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How, James Denison "Jim"

Staff 1958-1965
Passed away November 19, 2019
James (Jim) Denison How

Born in Annapolis Royal, in 1926, Jim was the youngest son of Lewis Morris Wilkins How and Emma Eugenia (Merriam) How. Educated at Annapolis Academy and Fredericton High School, Jim was then employed by The Canadian Press in Halifax as Rewrite Staff. Later he trained at the Vesper George School of Art, Boston, Massachusetts. He graduated in Interior and Industrial Design. He spent his summers employed at Port Royal Habitation as well as operating the Good Cheer Inn. Jim took a year off to explore the U.K. and the continent and was present at Queen Elizabeth’s Coronation in 1953. Jim graduated from King’s University, Halifax, in Journalism. This was followed by 12 years of teaching at King’s College School and Edgehill, Windsor. Jim was offered the Directorship of the Glace Bay Miner’s Museum - one of Nova Scotia’s major centennial Programs, in 1967. In the early years of Fortress Louisbourg’s reconstruction, Jim became Head of Interpretation and Curator of Collections and Buildings as well as being instrumental in the Costume Department. Nearing retirement, the family relocated to Annapolis Royal and Jim accepted the position of Interpretation Officer for Fort Anne, Port Royal, Grand Pre and Fort Edward. During retirement, he served as both a member and Chairman on the Annapolis Royal Development Commission Board, as well as Head of the Heritage Advisory Committee and the Design Review Committee. His beloved Annapolis Royal had registered 125 heritage buildings. He was a life-member (and Past President) of the Annapolis Royal Historical Association, Annapolis Heritage Society and the Canadian Heritage Foundation. As an adherent of the Anglican Book of Common Prayer, he was Vestry Clerk, St. Bartholemews, Louisbourg and taught Sunday School and Scripture for 35 years. He was a Life Member of Heritage Canada and Heritage Trust of Nova Scotia. Jim made history come alive! He was both an Historian and a Teacher in all facets of life - either when up on stage, at mealtimes, weeding the garden or during conversation while washing the dishes. Familiar family expressions would be quoted peppering daily activities not to mention in the many wonderful letters he wrote. A chair, or - more often than not – a set of chairs, would arrive home to be resurrected; a new cane seat or rush seat perhaps, to make it whole again. In the evening, he could be found either hooking a rug in the basement or playing hymns on his prized melodian. Jim and his wife Pauline, loved to dance. The dance floor was their stage. Theatre played a large role in Jim’s life too both in front of the curtain and with costume design. He had a sense of vision and humour that was keen, and was well-known for discovering treasures in consignment shops, department stores and garden centers. In 1982, Pauline and Jim were fortunate to acquire the 1708 DeGannes-Cosby house and over the span of 25 years, preserve and furnish its interior - a national treasure and labour of love. Predeceased by Dorothy (John) Whitaker, Henry (Harry) (Juanita) How, Survived by wife Pauline Elizabeth How (Hart), Alyn Thomas Maynard (Cathy-Lynn) How, Susan Beattie (Dwayne), Ottawa and Amy How, England, Sister-in-law Jean Hart and four grandchildren, Lauren Elizabeth Lewis, Diana Jean Lewis, Emma Merriam Beattie and Alexander Denison Henshaw Beattie. A funeral service will be held on Friday, November 22, 2019 at St. Luke’s Anglican Church, Annapolis Royal, at 7 pm. Donations in memory of Jim’s long standing preservation of 477 Saint George Street, Annapolis Royal may be made to The Historical Association of Annapolis Royal. This is the family home that has recently been declared a National Historic Site.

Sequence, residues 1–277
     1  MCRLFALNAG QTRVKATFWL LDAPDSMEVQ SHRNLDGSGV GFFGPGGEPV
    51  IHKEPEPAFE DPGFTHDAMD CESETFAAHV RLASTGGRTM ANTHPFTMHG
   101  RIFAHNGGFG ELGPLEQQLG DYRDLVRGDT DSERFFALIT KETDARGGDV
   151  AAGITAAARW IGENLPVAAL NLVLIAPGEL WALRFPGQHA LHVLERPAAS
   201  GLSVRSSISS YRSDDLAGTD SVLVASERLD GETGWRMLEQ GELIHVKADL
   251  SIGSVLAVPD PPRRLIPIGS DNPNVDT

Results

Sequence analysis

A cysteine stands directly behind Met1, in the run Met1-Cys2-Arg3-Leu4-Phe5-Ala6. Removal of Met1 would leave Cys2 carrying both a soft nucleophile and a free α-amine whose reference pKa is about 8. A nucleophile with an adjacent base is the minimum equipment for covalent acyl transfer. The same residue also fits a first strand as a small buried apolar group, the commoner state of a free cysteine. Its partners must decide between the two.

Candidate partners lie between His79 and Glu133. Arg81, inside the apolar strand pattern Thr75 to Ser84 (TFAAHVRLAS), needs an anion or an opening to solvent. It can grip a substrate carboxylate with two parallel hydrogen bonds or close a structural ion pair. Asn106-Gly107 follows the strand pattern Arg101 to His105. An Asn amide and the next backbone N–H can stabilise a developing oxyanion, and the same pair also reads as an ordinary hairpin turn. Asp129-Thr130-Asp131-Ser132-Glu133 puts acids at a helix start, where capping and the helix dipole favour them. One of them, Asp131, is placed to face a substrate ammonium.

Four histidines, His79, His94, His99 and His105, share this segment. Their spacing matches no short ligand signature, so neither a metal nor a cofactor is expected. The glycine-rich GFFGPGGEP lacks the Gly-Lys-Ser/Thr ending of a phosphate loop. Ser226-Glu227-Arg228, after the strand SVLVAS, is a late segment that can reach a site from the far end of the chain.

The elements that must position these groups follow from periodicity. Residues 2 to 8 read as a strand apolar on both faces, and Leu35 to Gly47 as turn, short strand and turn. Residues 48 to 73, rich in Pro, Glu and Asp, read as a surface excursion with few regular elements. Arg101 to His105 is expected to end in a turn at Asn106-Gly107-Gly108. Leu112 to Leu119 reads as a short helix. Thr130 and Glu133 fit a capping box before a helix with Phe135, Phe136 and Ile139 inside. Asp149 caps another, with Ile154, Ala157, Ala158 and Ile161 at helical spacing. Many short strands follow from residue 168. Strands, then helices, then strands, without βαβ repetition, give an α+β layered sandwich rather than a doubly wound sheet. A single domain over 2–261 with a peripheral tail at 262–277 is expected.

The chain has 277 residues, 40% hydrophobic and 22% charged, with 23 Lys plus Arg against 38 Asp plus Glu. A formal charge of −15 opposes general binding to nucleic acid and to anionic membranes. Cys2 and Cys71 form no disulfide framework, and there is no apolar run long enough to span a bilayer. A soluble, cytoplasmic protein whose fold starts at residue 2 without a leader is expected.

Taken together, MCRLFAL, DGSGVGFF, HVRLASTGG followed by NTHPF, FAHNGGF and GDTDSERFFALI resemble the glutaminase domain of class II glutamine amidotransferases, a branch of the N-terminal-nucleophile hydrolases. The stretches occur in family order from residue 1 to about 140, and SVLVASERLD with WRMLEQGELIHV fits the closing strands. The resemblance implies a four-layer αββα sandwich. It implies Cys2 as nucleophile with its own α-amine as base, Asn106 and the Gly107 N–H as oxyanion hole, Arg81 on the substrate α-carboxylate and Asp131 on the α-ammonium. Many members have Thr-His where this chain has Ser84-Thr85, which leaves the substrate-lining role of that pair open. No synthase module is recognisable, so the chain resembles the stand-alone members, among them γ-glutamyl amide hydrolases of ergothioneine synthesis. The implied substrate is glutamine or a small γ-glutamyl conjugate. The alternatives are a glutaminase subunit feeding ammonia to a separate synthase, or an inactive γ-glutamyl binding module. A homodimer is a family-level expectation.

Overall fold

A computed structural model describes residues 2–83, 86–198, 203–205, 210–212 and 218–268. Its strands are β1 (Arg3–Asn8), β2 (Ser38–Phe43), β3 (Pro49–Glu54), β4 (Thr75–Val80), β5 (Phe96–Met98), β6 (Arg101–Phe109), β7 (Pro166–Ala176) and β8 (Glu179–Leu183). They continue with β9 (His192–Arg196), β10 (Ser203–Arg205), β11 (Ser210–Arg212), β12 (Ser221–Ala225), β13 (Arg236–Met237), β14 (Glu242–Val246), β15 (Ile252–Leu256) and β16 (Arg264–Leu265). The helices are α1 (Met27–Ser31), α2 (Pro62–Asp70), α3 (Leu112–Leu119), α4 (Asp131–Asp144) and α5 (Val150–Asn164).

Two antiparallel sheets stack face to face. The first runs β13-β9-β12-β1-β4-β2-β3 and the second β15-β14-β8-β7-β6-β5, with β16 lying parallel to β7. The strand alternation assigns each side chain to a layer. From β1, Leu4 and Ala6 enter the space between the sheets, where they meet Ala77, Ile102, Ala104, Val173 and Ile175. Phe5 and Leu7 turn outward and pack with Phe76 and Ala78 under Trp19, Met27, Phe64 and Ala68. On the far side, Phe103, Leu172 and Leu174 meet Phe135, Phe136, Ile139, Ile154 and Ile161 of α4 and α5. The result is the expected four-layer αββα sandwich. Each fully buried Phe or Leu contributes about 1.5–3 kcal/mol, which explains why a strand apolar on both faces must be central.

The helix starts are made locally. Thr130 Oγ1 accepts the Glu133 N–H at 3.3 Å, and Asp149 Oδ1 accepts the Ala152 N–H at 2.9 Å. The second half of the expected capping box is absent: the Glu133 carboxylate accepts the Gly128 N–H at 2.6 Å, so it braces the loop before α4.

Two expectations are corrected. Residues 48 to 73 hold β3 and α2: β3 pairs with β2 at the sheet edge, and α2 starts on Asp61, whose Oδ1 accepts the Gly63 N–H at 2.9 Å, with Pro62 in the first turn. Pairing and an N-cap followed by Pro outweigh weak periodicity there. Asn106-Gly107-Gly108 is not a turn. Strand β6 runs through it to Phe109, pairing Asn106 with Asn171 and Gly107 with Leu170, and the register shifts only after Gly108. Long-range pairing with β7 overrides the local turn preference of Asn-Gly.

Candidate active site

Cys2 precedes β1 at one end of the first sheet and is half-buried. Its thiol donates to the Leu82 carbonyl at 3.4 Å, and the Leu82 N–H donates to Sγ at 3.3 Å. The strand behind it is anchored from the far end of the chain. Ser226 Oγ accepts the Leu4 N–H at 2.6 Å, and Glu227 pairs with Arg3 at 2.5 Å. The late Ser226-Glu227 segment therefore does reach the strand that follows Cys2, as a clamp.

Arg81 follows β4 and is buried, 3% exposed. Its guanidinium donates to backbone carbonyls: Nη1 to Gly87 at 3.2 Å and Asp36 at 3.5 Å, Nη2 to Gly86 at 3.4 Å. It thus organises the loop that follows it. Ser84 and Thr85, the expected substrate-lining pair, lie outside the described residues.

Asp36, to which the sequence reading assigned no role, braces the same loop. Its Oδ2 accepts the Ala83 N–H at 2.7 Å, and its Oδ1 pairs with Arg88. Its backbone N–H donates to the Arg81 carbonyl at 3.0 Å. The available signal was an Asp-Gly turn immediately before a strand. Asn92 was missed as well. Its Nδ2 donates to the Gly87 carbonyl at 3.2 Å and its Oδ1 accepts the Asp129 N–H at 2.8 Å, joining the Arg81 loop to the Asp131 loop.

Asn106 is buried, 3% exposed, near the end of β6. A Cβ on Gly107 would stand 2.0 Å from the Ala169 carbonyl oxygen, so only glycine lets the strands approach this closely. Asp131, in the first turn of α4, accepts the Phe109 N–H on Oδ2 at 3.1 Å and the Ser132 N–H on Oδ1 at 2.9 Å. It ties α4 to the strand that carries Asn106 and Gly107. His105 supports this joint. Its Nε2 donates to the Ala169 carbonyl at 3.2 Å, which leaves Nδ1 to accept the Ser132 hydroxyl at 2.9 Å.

Donations may also be made to the Annapolis Royal Historic Gardens. Arrangements have been entrusted to Middleton Funeral Home, 398 Main Street, toll free 1-855-825-3448. Online guest book may be signed by visiting: www.middletonfuneralhome.com
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KES inspires academic, athletic and artistic excellence with a commitment to the traditional community ideals of gentleness and learning, dignity and respect, so that students may discover and cultivate their unique potential, prepare for post-secondary education and develop a life-long enthusiasm for the spiritual and intellectual growth necessary to flourish in the contemporary world.

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King's-Edgehill School is a coeducational boarding and day school for grades 6 through 12, located in Windsor, Nova Scotia, Canada.